TSCA Update: EPA Selects First 10 Chemicals for Risk Evaluation

Asbestos included in first 10 chemicals EPA will evaluate for human and environmental risks under TSCA

Today EPA released a list of the first ten chemicals it will evaluate for risks to human health and the environment under the reformed Toxic Substances Control Act (TSCA).  These ten chemicals, drawn from a list of 90 in EPA’s 2014 TSCA Work Plan, will undergo complete risk evaluations within three years.  If EPA finds a chemical presents an “unreasonable risk” to humans and the environment, it must mitigate that risk within two years.  In theory, then, these ten chemicals may be more thoroughly regulated within the next five years.

EPA’s chosen chemicals include likely and known human carcinogens and those with aquatic or reproductive toxicity. Here is a list of the chemicals, their uses, and their hazard information, as described by EPA:

Chemical Uses Hazard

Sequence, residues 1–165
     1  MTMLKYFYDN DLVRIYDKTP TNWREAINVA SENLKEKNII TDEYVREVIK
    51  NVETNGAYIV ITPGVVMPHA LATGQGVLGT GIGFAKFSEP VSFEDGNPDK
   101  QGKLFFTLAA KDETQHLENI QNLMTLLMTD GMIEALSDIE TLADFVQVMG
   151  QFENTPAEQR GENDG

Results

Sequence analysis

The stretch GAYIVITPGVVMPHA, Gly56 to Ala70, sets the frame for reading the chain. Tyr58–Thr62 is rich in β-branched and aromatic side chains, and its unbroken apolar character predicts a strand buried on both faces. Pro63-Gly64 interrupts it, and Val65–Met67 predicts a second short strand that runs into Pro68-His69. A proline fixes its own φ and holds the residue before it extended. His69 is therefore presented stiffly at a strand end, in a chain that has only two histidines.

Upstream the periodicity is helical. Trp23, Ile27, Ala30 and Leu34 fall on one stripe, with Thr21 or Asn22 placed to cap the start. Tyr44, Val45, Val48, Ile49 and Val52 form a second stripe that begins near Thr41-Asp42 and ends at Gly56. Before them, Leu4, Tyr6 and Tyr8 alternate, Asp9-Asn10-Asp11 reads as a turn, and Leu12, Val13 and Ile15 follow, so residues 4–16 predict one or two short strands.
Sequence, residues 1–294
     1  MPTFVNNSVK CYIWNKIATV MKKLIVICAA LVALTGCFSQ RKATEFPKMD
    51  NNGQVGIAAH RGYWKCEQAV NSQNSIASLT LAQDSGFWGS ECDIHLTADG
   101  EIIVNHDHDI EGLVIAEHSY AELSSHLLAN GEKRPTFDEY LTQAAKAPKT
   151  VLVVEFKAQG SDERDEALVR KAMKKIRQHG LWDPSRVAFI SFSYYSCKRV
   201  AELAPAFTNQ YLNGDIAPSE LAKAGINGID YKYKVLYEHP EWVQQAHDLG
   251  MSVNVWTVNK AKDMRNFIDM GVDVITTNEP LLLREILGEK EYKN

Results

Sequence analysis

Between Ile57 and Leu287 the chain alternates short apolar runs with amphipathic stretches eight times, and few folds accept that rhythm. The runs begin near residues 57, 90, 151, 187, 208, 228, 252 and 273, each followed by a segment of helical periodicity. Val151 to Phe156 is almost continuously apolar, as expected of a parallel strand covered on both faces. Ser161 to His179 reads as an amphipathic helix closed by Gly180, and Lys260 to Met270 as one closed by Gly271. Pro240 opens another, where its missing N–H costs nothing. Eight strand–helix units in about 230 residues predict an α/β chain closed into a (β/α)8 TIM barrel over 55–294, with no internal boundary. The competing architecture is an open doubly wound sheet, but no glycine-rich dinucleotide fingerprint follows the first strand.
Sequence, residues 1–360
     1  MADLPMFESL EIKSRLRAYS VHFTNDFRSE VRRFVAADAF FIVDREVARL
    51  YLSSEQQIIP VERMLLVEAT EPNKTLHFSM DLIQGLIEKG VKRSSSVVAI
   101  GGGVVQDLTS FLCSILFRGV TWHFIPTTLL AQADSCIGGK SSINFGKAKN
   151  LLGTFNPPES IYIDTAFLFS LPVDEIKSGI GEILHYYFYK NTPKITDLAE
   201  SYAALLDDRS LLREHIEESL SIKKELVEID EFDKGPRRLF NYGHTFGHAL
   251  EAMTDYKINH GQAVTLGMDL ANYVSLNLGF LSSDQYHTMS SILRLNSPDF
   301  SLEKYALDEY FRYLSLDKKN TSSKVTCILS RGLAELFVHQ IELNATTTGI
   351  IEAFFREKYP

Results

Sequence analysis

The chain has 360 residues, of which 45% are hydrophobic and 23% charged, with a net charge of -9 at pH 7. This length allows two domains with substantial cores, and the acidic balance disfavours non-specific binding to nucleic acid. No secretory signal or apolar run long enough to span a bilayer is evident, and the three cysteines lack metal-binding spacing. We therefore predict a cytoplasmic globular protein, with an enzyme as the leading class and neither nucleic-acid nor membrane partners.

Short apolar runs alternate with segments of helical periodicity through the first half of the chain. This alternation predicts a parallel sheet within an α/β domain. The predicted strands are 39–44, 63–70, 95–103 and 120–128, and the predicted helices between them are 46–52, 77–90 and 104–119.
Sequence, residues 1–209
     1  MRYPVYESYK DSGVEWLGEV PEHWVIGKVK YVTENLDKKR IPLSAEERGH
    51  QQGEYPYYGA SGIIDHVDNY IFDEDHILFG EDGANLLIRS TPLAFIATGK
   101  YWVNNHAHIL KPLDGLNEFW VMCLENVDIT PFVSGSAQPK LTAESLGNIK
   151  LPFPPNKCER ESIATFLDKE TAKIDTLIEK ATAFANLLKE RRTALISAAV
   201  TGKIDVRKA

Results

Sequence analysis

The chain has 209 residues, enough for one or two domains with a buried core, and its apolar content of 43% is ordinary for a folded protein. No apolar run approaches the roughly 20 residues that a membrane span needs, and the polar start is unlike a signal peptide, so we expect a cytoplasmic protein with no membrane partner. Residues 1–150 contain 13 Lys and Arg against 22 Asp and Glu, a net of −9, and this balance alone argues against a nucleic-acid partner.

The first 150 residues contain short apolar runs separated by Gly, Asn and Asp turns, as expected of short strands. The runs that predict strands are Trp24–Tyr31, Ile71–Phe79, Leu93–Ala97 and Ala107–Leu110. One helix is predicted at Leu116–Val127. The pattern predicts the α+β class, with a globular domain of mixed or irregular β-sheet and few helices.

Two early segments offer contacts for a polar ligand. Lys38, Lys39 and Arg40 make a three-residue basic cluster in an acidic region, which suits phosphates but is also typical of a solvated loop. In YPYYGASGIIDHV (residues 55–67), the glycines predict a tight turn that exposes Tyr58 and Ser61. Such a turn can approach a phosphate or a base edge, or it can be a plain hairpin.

Asbestos Chlor-alkali production, consumer products, coatings and compounds, plastics, roofing products, and other applications; found in important products like brakes, friction products, gaskets, packing materials, building materials Known human carcinogen; acute and chronic toxicity from inhalation exposure
Carbon Tetrachloride Commercial/industrial products; present in biomonitoring, drinking water, indoor environments, surface water, ambient air, groundwater, soil Probable human carcinogen
Methylene Chloride (MC) Consumer products; present in drinking water, indoor environments, ambient air, groundwater, soil Probable human carcinogen
Trichloroethylene (TCE) Consumer products; present in drinking water, indoor environments, surface water, ambient air, groundwater, soil Probable human carcinogen
Tetrachloroethylene (aka perchloroethylene) Consumer products, dry cleaning; present in biomonitoring, drinking water, indoor environments, ambient air, groundwater, soil Probable human carcinogen
1,4-Dioxane Consumer products; present in groundwater, ambient air, indoor environments Possible human carcinogen
1-Bromopropane Consumer products; present in drinking water, indoor environments, surface water, ambient air, groundwater, soil Possible human carcinogen
Cyclic Aliphatic Bromide Cluster (HBCD) Flame retardant in extruded polystyrene foam, textiles, electrical and electronic appliances Acute aquatic toxicity
Pigment Violet 29 Anthra[2,1,9-def:6,5,10-d’e’f]diisoquinoline-1,3,8,10(2H,9H)-tetrone Consumer products Aquatic toxicity
N-methylpyrrolidone (NMP) Consumer products; present in drinking water, indoor environments Reproductive toxicity